Ageing woes - Elderly ignoring warnings as medical bill to treat them climbs
It is costing the country more than $10 billion each year to treat the health woes of members of the elderly population, and this could increase sharply as many persons over 70 years old are not responding to the messages advocating a healthy lifestyle because they either do not understand them or they simply don’t care.
Among those who have expressed some concern is one of Jamaica’s most vocal advocates for the elderly and head of the Mona Ageing and Wellness Centre at the University of the West Indies, Professor Denise Eldemire-Shearer.
“It’s the group that’s costing us the most money in the public system and the private system in terms of health care,” Eldemire-Shearer told The Sunday Gleaner, as she argued that many elderly persons ignore the health warning because they have reached their “three score and 10”.
“They feel, you know, that they are invincible and they have lived out their lives, but the message we want to get across now is about the quality of life, and there is no point being 80 if you have had a stroke and you are bedridden. We want you at 80, even if you have high blood pressure, to be able to walk around and make ends meet for yourself,” said Eldemire-Shearer.
A community-based study that was funded by the National Health Fund and carried out by the Mona Ageing and Wellness Centre has found that medical care for a senior citizen in 2011 was $83,000, compared to $25,000 for the average population.
According to the study, the filling of prescriptions for the elderly amounted to $3.3 billion, while it costs $5.3 billion for laboratory investigations, $996 million for hospitalisation and $774 for outpatient consultations.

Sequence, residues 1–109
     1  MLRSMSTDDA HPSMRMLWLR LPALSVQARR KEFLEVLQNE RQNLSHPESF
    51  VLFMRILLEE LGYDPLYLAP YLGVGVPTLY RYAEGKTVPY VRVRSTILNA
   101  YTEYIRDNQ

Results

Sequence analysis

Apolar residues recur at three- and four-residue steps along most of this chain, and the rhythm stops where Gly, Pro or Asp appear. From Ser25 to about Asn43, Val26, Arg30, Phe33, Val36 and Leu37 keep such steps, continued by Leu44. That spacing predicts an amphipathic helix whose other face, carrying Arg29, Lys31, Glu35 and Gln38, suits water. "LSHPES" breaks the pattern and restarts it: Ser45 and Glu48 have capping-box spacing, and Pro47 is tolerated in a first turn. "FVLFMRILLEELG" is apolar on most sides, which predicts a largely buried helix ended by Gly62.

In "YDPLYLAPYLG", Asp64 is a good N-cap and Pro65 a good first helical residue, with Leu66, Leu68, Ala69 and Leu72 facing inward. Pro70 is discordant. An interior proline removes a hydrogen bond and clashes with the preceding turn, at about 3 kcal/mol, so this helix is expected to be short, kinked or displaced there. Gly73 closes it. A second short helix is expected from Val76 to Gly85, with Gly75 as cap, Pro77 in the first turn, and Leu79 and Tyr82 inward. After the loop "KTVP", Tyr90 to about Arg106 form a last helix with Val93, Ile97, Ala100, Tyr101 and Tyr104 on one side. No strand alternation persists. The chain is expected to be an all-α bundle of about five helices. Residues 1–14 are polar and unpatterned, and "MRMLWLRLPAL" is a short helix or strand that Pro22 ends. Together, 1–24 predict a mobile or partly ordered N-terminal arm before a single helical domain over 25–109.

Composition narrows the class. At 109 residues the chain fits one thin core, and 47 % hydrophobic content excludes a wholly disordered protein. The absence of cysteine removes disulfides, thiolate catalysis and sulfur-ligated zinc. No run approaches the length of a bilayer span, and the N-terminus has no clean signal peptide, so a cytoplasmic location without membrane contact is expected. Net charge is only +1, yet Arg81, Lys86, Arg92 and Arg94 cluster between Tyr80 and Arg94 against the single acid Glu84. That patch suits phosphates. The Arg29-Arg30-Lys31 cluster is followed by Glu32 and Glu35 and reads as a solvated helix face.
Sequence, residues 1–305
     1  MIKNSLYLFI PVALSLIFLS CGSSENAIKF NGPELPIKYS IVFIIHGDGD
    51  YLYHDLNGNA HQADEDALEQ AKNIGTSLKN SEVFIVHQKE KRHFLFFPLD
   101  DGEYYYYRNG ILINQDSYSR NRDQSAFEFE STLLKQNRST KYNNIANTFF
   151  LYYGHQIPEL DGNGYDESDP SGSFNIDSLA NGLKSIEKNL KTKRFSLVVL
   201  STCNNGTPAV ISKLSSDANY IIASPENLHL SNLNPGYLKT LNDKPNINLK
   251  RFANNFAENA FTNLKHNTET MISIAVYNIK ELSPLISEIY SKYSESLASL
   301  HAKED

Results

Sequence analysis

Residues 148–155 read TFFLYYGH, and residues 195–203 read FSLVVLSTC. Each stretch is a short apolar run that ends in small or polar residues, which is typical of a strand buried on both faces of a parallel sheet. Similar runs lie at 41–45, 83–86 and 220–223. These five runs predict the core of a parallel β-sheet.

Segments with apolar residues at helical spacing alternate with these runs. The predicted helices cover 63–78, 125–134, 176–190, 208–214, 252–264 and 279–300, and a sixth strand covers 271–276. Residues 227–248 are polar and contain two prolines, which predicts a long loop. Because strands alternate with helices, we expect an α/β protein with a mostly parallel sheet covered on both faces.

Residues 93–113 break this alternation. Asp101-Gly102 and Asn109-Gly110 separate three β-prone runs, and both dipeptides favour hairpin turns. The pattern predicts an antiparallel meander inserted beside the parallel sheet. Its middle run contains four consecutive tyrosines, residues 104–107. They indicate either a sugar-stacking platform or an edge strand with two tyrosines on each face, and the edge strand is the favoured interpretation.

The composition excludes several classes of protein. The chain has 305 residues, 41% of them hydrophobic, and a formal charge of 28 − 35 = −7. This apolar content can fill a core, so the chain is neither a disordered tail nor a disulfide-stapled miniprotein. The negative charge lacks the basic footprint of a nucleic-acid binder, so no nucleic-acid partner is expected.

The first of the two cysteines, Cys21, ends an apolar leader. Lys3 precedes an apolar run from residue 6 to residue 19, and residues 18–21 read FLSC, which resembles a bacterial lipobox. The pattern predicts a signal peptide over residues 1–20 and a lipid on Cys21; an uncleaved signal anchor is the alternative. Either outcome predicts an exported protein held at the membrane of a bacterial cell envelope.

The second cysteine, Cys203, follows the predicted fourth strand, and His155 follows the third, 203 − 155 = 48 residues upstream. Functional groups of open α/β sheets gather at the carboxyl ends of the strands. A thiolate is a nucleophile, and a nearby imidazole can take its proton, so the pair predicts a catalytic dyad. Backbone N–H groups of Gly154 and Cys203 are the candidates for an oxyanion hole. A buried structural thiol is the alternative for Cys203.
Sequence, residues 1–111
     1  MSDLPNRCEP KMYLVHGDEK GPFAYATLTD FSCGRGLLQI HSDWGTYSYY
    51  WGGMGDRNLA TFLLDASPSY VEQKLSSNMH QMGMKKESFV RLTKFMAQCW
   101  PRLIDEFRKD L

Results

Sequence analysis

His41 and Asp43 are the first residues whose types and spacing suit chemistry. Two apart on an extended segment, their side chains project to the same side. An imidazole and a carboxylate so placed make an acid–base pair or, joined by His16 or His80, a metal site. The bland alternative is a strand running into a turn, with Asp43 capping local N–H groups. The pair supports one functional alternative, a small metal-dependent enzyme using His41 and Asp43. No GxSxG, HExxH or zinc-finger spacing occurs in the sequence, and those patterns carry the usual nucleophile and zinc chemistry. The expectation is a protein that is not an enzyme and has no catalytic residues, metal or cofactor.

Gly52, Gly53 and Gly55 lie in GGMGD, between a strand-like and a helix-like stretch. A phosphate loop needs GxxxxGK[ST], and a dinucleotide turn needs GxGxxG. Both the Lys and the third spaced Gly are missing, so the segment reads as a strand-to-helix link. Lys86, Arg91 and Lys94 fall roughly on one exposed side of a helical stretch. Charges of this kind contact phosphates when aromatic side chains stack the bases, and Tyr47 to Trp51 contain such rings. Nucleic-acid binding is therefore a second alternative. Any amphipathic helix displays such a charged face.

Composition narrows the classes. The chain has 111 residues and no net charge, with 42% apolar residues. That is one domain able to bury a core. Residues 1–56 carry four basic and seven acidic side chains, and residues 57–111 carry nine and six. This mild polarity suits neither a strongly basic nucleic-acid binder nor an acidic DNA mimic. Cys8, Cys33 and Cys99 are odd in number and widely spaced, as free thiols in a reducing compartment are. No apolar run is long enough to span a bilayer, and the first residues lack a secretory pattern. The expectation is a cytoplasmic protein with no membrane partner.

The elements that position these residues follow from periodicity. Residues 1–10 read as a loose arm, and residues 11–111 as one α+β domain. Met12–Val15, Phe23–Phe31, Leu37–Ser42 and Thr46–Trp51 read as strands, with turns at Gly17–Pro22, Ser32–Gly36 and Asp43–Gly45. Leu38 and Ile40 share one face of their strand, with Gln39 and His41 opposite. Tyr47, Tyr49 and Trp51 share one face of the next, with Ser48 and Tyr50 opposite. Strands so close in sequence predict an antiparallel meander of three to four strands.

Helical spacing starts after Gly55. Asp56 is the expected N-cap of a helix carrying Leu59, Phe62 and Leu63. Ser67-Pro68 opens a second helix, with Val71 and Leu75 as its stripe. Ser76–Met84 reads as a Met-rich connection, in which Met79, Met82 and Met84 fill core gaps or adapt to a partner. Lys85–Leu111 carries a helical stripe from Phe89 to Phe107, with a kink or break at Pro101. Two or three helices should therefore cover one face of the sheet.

While the study, which was completed last year, has not yet been published in its entirety, sections of it have been carried in several international peer review journals.
The findings were recently presented to the Ministry of Health for consideration, and it is hoped that this will help to inform policies geared towards improving the wellbeing of the elderly.
Dr Kathryn Mitchell-Fearon, who contributed to the study, noted that the cost to treat the elderly is now much more than it was in 2011.
“It’s really expensive and it is only going to get worse, so unless we tackle the root causes and try and prevent the condition in the first place, it is really going to be at a detriment to our health system,” said Mitchell-Fearon.
With more than 300,000 Jamaicans being over the age of 60, the country is being urged to put the necessary measures in place to meet the needs of an ageing population.
However, Eldemire-Shearer is concerned that many of the messages geared towards getting the society healthier cannot be understood by the elderly.
“They are not going to be able to assimilate a lot of it. Remember, this is an age group with 72 per cent still primary-school education only.”
According to the study, one in every 10 senior citizen has hearing problems, 32 per cent have visual disability, and over seven per cent have motor disability. Added to this is the fact that pain and illness present a barrier to exercising for some. More than 76 per cent of them also have one chronic disease such as hypertension, arthritis or diabetes.
Jamaica's ageing challenges
- By 2025 will be 25% of the population will be elderly
- Most Jamaicans will live at least 20 years after retirement
- 32.9% of Jamaica's elderly population are single
- 17.3% of Jamaica's elderly lived alone; more females than males
- Most elderly Jamaicans (92.6%) have children, however up to 50% of the children lived abroad.
- Family is main source of income for 49.5% of Jamaica's elderly
- Up to 60% of Jamaica's elderly population have no pension
- Nearly 45% of Jamaica's elderly population have some difficulties walking distances, standing, climbing stairs, carrying things
- 76.4% had at least one chronic disease
Source - Mona Ageing and Wellness Centre